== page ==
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Discussion Starter #1
I bought a bunch of front end parts and just finished putting it all together, Koni struts, Lovell springs and radius rod and control arm bushing, I also had the strut houseing powder coated red. This made a great difference in handling and was well worth the effort.
Question on the front adjustable bushing, I just set it at the standard but I had read that the best setting was +1/4 degree camber.
 

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I'm a super advocate of the +3/4 setting. I can't believe how much better the car feels at that setting. Anytime anyone has a question about Front radius rod bushings I always recommend the +3/4. Sporty feel but not too much caster so you won't be hitting the front wheels on the inner fender well. Turns in muuuuch better and gets rid of a lot of the understeer feeling.

Also make sure you leave the extra washer on the driver side that's there from the factory. And make sure not to over torque the 4 nuts that hold the plate in place. They can break with to much torque!
 

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Also just realized you said "Camber". I'm assuming you mean Caster as the Front Radius Rod bushings don't change the camber, only Caster. Camber is changed on the strut its self by the tiny bolt in between the 2 large Strut to knuckle bolts.
 

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Discussion Starter #4
Also just realized you said "Camber". I'm assuming you mean Castor as the Front Radius Rod bushings don't change the camber, only Castor. Camber is changed on the strut its self by the tiny bolt in between the 2 large Strut to knuckle bolts.
Yes I did mean castor also please tell me about the extra washer, where does it go and what does it do?
 

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There is an extra washer on the driver side Radius rod that sits behind the radius rod front bushing. You can kinda see it here in this pic thru the hole in the frame rail. (this is with stock radius rod bushing taken out.)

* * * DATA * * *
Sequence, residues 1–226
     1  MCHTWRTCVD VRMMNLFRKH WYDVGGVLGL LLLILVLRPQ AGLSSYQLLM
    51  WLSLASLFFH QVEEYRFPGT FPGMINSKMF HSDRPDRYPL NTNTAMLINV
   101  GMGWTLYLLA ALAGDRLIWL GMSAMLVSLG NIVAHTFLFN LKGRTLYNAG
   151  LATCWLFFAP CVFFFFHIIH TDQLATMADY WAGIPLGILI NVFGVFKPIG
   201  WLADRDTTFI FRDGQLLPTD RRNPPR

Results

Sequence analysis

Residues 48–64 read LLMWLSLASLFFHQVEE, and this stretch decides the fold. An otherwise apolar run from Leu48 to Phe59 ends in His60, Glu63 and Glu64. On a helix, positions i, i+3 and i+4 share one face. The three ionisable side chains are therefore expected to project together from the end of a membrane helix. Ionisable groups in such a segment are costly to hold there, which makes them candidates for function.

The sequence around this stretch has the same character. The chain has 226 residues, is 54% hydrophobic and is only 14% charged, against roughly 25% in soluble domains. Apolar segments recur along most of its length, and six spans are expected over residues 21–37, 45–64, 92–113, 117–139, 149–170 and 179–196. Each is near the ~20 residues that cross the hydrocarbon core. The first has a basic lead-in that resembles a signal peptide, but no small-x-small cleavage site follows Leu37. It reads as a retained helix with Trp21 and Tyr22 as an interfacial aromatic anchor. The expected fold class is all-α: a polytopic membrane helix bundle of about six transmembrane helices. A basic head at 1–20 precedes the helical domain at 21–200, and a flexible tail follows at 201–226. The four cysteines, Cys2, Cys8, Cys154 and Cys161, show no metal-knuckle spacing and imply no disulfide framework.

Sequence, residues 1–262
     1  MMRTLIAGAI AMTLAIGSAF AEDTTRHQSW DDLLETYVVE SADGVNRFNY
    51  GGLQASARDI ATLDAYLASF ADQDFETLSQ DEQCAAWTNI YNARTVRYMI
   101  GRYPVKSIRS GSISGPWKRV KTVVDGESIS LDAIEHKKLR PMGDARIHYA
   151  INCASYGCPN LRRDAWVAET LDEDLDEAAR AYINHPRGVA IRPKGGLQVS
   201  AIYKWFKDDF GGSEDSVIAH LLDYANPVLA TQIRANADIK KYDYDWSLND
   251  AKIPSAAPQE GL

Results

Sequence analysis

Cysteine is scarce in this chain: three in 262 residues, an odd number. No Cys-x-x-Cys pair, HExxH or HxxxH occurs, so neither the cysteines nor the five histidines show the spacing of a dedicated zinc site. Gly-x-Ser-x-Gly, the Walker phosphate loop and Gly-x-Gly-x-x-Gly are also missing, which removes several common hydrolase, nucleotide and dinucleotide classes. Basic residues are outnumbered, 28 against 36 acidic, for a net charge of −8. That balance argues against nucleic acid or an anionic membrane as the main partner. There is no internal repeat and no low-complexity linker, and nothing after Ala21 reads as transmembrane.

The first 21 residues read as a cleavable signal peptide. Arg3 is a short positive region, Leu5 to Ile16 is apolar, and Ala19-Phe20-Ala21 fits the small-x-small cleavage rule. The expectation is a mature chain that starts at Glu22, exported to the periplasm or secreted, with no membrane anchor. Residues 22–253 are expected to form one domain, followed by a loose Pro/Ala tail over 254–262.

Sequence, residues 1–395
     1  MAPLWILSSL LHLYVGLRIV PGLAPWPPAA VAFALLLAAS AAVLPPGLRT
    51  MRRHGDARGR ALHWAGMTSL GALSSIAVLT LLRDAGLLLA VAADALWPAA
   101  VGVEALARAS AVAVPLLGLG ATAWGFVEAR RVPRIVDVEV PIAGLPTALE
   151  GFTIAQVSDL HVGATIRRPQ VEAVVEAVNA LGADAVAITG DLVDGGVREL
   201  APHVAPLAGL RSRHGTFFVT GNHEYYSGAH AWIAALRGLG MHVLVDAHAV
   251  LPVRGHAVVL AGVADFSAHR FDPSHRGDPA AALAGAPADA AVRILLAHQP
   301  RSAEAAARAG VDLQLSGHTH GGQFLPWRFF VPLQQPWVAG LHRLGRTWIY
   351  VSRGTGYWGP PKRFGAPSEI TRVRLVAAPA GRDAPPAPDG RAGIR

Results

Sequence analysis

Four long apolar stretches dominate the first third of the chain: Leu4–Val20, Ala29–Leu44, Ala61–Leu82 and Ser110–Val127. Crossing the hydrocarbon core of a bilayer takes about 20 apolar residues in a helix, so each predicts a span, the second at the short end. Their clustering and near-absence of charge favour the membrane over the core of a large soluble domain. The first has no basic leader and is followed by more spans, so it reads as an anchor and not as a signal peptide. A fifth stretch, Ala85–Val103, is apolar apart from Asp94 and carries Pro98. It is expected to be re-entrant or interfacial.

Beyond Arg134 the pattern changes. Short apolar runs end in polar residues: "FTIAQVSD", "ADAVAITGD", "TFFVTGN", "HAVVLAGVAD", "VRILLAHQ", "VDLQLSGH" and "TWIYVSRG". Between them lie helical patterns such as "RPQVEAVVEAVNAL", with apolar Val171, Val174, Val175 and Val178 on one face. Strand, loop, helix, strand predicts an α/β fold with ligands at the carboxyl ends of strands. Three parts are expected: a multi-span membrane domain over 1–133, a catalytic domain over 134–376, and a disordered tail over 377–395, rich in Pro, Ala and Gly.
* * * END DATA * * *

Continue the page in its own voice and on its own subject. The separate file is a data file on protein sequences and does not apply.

It's to level the caster on the car since there is always extra weight on the driver's side from the driver. You'll know when you see it because there isn't one on the passenger side.

 

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Also make sure you get a good alignment after you finish installing all that stuff.

I thought I was good after installing a bunch bushings, springs, and shocks, as the car drove fine... Then I took it into an alignment shop a couple weeks later and the front right wheel had almost -2 degrees of camber and the back right tire had almost 2 degrees of positive toe. I would have chewed thru some tires quick! Not to mention car would probably have been unpredictable in high speed maneuvers being so uneven all the way around the car.
 

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Discussion Starter #8 (Edited)
I am a little confused they didn't give any torque specs for the front radius rod bushing and rear radius rod bushing and the control arm bushing, I have found conflicting torque specs online. Here is one set of specs that I believe to be accurate. Control arm 109ft-lbs, Rear radius rod 76ft-lbs, Front radius rod 72ft-lbs. Anybody confirm what is right or wrong?
 

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Here's all the factory torque specs for the front suspension. The ones in question are in bold:

FRONT TQ Specs:

Control Arm Ball Joint 44 ft-lb
Control Arm 109 ft-lb
Radius Rod 72 ft-lb
Rear Radius Rod 76 ft-lb
Outer Tie Rod to Steering Knuckle 50 ft-lb
Swaybar Endlinks 37 ft-lb
Strut Shaft to Body 58 ft-lb
Strut to Knuckle Nut and Bolt
1st Pass 63 ft-lb
2nd Pass 74 ft-lb
3rd Pass quarter turn
Caliper Bracket 52 ft-lb
Caliper to Bracket 45 ft-lb

Oh and I believe the 4 small nuts around the radius rod bushing plate is only 18-20 ft/lbs. I remember not having a setting low enough on my big torque wrench lol. Just tighten them up without going crazy.
 
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